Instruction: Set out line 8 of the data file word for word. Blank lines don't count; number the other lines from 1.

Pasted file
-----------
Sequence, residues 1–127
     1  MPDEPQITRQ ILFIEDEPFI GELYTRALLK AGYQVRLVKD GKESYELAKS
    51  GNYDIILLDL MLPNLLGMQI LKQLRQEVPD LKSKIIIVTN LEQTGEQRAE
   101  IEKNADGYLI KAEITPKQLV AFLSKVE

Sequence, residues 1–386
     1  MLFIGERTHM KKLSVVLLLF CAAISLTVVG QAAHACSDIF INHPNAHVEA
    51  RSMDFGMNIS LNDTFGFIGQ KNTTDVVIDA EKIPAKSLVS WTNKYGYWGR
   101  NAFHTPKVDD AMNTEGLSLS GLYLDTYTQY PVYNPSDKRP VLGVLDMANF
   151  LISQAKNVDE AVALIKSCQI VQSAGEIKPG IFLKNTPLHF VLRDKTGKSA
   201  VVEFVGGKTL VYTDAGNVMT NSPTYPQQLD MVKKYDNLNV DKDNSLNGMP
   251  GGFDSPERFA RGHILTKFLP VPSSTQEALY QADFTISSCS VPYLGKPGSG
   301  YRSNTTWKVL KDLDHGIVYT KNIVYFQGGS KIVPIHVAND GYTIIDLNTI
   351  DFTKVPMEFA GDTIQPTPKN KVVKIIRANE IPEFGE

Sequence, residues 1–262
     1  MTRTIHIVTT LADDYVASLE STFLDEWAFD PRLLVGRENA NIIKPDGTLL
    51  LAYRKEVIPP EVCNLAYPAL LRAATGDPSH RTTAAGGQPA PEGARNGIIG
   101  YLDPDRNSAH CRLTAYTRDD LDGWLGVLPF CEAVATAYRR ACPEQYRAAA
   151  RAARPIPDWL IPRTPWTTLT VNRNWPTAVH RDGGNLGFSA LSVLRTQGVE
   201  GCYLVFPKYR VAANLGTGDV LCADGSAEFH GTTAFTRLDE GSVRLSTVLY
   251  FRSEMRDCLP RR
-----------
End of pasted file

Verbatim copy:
   101  NAFHTPKVDD AMNTEGLSLS GLYLDTYTQY PVYNPSDKRP VLGVLDMANF